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Plant Details

Sabal palmetto

Cabbage Palmetto

Scientific Name:

Sabal palmetto

Genus:

Sabal

Species Epithet:

palmetto

Common Name:

Cabbage Palmetto

Plant Type

Tree

Life Cycle

Perennial

Plant Family

Arecaceae (Palm Family)

Native/Alien:

NC Native

Size:

12-36 ft., 36-72 ft.

Bloom Color(s):

White, Yellow

Light:

Sun - 6 or more hours of sun per day, Part Shade - 2 to 6 hours of sun per day

Soil Moisture:

Moist

Bloom Time:

July

Growing Area:

Coastal Plain

Habitat Description:

Maritime forests, marsh edges, and other near-coastal communities. Rare in NC Coastal Plainl.

Leaf Arrangement:

Alternate

Leaf Retention:

Evergreen

Leaf Type:

Leaves veined, not needle-like or scale-like

Leaf Form:

Simple

Life Cycle:

Perennial

Wildlife Value:

Important for Wildlife

Landscape Value:

Recommended and Available

State Rank:

S1: Critically imperiled (*Key)

Global Rank:

G5 - Secure (*Key)

State Status:

T: Threatened (*Key)

Notes:

Fruits eaten by birds.
Cabbage Palm leaves are described in various ways. Some authors say that the leaves are palmate, while another says that the leaves are “intermediate between palmate and pinnate” (Sibley 2009). Weakley (2015) describes the leaves in Sabal spp. as palmate or costapalmate. Mellichamp (2014) and Kirkman, Brown, & Leopold (2007) say that the leaves of Cabbage Palm are simple and alternate, although they have a fan-shaped appearance.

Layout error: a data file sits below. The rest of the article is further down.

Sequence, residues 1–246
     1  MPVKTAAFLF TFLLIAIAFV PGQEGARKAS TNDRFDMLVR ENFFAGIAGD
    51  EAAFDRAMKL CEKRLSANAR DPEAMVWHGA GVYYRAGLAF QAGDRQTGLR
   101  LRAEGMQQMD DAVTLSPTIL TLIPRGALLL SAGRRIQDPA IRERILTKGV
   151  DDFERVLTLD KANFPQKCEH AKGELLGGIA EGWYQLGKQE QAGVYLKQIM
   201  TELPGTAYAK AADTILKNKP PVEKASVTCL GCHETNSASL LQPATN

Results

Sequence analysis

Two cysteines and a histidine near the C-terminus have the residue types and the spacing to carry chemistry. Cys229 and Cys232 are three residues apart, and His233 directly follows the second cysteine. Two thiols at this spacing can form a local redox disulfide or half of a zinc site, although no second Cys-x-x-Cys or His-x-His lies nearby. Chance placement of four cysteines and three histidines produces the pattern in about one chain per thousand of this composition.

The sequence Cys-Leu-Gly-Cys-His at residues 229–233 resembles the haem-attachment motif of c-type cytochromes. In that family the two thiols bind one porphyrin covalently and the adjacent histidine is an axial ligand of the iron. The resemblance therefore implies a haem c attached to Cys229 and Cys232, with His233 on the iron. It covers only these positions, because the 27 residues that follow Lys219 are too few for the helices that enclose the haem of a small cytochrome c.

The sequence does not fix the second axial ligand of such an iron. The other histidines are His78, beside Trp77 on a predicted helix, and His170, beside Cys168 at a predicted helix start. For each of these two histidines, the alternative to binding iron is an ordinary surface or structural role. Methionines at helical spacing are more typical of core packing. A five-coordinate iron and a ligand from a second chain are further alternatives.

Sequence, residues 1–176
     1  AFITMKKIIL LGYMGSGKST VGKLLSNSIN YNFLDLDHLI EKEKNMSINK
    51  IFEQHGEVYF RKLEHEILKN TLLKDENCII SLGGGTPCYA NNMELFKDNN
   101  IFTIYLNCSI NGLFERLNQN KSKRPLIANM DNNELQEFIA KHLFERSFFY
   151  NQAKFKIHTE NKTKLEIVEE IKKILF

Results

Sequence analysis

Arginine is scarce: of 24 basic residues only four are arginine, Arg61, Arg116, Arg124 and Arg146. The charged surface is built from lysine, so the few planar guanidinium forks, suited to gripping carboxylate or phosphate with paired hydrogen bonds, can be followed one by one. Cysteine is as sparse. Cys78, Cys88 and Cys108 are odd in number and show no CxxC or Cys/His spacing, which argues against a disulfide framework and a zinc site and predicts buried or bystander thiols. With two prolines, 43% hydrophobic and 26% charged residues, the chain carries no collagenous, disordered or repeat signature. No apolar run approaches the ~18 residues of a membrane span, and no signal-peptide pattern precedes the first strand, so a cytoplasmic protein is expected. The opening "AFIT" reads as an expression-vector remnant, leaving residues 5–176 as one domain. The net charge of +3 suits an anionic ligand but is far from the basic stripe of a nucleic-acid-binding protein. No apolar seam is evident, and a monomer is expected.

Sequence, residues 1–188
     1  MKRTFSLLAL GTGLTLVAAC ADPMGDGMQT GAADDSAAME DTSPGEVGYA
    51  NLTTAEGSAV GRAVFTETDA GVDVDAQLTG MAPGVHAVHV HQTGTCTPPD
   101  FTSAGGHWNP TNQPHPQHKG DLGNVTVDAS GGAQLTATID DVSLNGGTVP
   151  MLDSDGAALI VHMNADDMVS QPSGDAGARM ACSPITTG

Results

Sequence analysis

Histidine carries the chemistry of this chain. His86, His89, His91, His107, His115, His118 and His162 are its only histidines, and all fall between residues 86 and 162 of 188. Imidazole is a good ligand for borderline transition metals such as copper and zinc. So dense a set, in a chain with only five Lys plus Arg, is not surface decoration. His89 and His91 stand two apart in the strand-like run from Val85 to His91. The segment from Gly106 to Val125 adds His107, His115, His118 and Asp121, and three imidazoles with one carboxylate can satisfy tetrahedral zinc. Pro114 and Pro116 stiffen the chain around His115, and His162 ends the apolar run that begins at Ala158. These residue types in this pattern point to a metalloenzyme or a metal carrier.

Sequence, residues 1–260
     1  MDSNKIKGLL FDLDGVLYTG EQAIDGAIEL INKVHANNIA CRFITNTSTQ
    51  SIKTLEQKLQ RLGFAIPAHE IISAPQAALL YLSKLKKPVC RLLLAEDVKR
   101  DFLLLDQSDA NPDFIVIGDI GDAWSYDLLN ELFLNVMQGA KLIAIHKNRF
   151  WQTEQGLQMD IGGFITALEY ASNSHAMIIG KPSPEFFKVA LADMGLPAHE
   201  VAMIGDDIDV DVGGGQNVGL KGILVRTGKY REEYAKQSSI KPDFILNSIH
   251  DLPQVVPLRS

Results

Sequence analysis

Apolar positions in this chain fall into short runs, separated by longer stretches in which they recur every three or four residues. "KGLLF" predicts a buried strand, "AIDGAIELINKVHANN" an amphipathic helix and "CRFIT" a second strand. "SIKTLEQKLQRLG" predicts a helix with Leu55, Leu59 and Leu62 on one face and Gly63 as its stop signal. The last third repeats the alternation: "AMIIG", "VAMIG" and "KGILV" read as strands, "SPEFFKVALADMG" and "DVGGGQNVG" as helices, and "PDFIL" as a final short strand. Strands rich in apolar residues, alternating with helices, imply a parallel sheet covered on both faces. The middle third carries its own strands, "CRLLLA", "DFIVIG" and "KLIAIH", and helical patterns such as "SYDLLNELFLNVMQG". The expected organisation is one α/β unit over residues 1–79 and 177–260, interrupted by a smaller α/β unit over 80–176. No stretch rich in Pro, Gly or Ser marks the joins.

Habitat

Cabbage Palmetto extends into North Carolina only at the southeastern tip, in Brunswick Co. It is common in the maritime forests of the Smith Island complex (Bald Head Island, Middle Island, Bluff Island). It also grows on the edges of marshes and is widely planted. In this photo, the cabbage palmetto is surrounded by dwarf palmettos (Sabal minor).

image

Paynter, Donnelly Wildlife Management Area, SC. March, 2013

Frond

The fronds of cabbage palmettos have a distinctive arch (unlike the smaller dwarf palmetto, Sabal minor) and can be up to 3' across.

image

Close-up of filaments and rib

The filaments and the long, triangular rib are good identification marks to differentiate cabbage palmetto from dwarf palmetto.

image

Trunk

Beneath the fronds, the old leaf bases make a crisscross pattern on the upper trunk. There is no true bark.

image

Links:

USDA PLANTS Database Record


Bird-Friendly Native Plants



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